The future of healthcare is becoming increasingly complex. Advancements in technology and research, along with an aging population with chronic healthcare concerns require more than one or two professions to address the health status of patients. Educating healthcare professionals for the current and future healthcare system should include common core competencies (Institute of Medicine, 2003). The below overarching objectives are suggestions for educators on how to expand the case studies in this resource, and how they can be used to fit the context of the learners and the curriculum.

All health professionals should be educated to deliver patient-centered care as members of an interdisciplinary team, emphasizing evidence-based practice, quality improvement approaches, and informatics.

(Institute of Medicine, 2003, p. 45)

We have identified five overarching learning objectives for students using this resource.

1. Interprofessional Collaboration

A partnership between a team of health providers and a client in a participatory, collaborative and coordinated approach to shared decision-making around health and social issues (CIHI, 2010)

  • Demonstrate an understanding of the Canadian healthcare delivery system
  • Define/describe the roles of healthcare professionals and the contributions they make to the healthcare team
  • Develop, promote, and exercise non-judgemental and inclusive practice respecting other cultures, values, and belief systems
  • Demonstrate skill in team development and interprofessional practice in healthcare
  • Appreciate the significance of standardized data and language to advance knowledge and articulate care provided
  • Demonstrate skills in effective communication, professionalism, critical thinking, and ethical decision-making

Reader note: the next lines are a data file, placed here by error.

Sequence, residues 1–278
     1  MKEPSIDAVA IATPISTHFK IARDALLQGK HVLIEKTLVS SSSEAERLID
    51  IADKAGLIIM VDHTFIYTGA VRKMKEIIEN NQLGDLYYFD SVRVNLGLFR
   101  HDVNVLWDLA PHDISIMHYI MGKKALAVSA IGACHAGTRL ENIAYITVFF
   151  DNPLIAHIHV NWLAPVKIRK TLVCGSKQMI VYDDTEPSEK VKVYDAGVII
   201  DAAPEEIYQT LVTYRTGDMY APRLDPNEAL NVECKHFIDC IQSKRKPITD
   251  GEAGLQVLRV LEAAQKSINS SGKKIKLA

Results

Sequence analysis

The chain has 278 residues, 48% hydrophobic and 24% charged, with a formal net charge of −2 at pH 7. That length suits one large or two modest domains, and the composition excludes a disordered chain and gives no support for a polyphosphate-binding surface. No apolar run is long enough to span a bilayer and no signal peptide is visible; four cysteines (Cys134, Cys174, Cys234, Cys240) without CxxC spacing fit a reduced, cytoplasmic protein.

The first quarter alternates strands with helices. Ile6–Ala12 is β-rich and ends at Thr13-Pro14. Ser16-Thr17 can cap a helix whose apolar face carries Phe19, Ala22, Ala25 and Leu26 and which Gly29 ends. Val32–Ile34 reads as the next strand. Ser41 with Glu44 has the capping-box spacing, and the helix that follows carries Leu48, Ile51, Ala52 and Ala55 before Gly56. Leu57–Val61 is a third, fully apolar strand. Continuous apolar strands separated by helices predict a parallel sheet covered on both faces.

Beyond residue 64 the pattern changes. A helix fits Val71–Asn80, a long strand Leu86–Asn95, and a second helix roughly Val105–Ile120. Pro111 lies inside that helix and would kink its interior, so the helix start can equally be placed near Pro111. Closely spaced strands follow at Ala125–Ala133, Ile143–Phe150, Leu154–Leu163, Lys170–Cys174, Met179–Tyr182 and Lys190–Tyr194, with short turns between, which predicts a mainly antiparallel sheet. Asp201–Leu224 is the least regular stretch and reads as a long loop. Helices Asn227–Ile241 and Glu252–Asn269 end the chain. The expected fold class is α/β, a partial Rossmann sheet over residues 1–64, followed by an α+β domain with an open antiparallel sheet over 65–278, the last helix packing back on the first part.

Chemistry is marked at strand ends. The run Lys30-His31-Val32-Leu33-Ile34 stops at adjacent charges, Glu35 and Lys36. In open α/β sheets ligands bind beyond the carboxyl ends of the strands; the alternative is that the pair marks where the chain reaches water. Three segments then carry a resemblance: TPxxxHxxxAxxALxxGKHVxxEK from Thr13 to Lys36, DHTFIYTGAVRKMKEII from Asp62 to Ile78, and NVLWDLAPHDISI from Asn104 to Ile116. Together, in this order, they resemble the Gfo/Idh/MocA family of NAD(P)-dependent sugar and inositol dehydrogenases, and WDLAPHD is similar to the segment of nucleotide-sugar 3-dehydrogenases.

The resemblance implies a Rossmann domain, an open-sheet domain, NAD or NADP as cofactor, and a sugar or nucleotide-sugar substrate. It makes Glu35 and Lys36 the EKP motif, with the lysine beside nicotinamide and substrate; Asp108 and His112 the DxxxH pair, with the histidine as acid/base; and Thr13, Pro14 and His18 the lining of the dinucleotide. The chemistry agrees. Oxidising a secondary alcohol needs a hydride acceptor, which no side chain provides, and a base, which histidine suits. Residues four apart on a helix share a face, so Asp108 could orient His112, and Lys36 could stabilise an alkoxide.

• Communicate with other healthcare team members in a collaborative, responsive, and responsible manner
  • Actively engage self and others, including the client/patient/family, by positively and constructively addressing disagreements as they arise

2. Patient Centred Care

  • Seek out, integrate, and value, as a partner, the input and engagement of the patient/client/family/community in designing and implementing care and services
  • Share power and responsibility with patients and caregivers
  • Communicate with patients in a shared and fully open manner
  • Take into account a patient’s individuality, emotional needs, values, and life issues
  • Implement strategies for reaching those who do not present for care on their own, including care strategies that support the broader community
  • Enhance prevention and health promotion

3. Evidence-Based Practice

  • Identify where and how to find the best possible sources of evidence
  • Formulate clear clinical questions
  • Search for the relevant answers to clinical questions from the best possible sources of evidence, including those that evaluate or appraise the evidence for its validity and usefulness with respect to a particular patient or population